Imagine there is an unlimited supply of balls with us, with positive integers painted on each. It is very much possible that a particular positive integer is repeated many times on various balls. We do not know anything else about the distribution of numbers on the balls. Further imagine that there is a box with a ball initially within it.
To play the game we may do either of two things:
(1) We may remove a ball from the box and replace it with any finite number of balls, arbitrarily chosen, but constrained to have numbers painted on them which are less then the number of the ball removed. For example, if we have a number 1000 ball we may remove it and replace it by 6000 balls: 3000 balls on which 657 is painted, and 3000 balls on which 999 is painted.
(2) We may remove a ball from the box and not do any replacement.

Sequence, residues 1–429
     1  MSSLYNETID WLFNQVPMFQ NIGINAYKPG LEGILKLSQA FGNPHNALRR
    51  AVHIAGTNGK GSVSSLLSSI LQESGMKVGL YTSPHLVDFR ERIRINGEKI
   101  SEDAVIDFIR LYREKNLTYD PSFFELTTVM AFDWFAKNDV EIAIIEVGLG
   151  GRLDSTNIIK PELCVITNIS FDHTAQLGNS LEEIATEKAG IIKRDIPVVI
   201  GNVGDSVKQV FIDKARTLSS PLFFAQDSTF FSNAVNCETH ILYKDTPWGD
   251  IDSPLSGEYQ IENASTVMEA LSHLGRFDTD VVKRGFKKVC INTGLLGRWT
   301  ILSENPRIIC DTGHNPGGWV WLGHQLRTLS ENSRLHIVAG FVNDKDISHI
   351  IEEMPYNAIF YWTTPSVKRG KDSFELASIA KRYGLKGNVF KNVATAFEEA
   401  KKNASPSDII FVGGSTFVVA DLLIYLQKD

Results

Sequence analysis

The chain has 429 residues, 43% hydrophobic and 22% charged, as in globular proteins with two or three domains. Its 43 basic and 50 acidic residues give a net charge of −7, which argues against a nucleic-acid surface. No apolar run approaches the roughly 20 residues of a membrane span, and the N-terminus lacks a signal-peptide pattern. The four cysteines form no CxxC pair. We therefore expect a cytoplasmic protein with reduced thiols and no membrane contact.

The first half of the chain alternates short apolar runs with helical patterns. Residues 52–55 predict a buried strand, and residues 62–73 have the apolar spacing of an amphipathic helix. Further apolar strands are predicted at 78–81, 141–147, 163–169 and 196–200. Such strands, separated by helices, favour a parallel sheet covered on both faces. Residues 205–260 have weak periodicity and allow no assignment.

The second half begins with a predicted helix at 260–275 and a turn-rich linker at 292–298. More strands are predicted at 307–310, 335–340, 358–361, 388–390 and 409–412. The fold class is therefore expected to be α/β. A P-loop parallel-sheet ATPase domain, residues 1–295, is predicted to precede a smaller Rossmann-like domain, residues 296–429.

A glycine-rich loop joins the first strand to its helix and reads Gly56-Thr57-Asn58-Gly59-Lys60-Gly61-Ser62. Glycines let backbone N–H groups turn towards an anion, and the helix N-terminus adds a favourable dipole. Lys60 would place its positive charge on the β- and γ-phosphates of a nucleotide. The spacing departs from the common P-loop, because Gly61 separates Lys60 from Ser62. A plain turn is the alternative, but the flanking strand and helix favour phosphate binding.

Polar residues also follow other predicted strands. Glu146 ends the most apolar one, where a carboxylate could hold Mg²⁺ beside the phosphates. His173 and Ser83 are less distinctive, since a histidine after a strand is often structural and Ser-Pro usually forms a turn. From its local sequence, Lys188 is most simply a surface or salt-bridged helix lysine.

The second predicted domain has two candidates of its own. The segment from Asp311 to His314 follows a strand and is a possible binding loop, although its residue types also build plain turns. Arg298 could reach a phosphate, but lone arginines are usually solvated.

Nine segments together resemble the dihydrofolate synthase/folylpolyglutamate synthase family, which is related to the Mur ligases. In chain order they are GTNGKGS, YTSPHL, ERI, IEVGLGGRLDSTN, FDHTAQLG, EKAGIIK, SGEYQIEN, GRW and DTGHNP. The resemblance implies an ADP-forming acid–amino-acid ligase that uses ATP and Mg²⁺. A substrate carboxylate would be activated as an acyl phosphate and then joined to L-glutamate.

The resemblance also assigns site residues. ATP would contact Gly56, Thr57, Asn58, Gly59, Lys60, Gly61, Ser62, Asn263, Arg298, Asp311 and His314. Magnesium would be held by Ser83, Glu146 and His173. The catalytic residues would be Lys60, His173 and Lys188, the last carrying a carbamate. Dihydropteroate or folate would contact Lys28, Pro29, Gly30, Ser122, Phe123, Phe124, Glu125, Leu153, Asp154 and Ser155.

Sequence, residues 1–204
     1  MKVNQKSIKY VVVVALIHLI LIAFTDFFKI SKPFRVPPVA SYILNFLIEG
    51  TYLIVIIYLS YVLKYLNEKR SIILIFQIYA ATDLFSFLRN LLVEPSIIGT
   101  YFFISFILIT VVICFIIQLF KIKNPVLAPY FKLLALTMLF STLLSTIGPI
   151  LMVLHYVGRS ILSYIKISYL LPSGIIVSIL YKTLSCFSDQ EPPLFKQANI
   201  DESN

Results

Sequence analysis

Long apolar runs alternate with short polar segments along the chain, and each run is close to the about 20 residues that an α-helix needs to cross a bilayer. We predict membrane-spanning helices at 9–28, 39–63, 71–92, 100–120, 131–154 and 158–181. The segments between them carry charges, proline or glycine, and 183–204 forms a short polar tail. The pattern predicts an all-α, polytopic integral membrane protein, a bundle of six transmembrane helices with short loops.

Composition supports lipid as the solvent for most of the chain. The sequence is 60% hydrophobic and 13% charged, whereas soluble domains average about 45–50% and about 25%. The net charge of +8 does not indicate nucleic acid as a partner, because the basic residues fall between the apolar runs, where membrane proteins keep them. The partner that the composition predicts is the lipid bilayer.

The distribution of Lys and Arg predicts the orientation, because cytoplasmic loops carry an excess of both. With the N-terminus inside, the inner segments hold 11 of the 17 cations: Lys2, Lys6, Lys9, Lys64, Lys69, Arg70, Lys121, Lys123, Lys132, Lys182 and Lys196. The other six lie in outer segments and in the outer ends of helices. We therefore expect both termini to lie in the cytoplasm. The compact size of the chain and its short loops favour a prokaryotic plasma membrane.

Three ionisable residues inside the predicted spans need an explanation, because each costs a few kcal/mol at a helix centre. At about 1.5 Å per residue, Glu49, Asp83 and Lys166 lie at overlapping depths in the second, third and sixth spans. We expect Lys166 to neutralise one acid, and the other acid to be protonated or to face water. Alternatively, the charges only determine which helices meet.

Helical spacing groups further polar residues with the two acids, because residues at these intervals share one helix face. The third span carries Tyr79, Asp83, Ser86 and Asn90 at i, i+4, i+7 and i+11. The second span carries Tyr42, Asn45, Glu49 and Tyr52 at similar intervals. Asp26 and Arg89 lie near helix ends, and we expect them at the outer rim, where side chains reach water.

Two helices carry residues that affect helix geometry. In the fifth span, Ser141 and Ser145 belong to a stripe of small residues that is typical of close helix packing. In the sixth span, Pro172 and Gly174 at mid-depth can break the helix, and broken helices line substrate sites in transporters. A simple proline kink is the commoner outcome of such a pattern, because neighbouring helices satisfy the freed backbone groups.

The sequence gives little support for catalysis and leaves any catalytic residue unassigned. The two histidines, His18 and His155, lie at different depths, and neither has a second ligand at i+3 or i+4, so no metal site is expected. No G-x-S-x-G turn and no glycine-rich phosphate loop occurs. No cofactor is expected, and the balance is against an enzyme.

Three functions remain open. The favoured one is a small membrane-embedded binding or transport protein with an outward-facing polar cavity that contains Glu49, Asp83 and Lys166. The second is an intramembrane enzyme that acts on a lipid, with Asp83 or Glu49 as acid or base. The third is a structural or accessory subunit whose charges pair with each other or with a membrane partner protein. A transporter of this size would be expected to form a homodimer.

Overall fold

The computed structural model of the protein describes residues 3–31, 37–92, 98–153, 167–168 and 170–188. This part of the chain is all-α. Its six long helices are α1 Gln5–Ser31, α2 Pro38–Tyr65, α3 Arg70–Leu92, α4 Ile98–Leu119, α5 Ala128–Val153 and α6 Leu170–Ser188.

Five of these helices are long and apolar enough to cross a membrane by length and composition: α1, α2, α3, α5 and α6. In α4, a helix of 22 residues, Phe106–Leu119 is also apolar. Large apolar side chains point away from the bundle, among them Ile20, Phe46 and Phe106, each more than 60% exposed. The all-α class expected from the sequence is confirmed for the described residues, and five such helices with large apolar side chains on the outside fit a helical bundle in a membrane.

After playing the game once we can continue playing provided there are balls left in the box.
The question is: Is it possible to play the ball game indefinitely? Can we ensure that the box will never be empty?
Smullyan himself answered this problem in the negative by using Konig’s lemma.
Theorem: The Smullyan game terminates after a finite number of steps.
Proof: For any play of the Smullyan game define a (rooted) tree as follows:
1. The vertices are the painted balls used during the game.
2. The root is the painted ball intially within the box.
3. The edges are given by the following criteria: There is an edge between the vertices and iff during some move of the game, the ball is among the balls which replaces the ball (or vice-versa).
By the definition of the game this is a rooted tree where each level is finite. Can there be an infinite path in the tree? No there can’t. This is because, by definition an infinite path would correspond to a infinite strictly decreasing sequence of positive integers which is absurd. By the contrapositive form of Konig’s lemma we can therefore conclude that the tree is finite. In other words only finitely many balls were used and so the game terminated after finitely many steps.
An alternate proof without using Konig’s lemma is available here.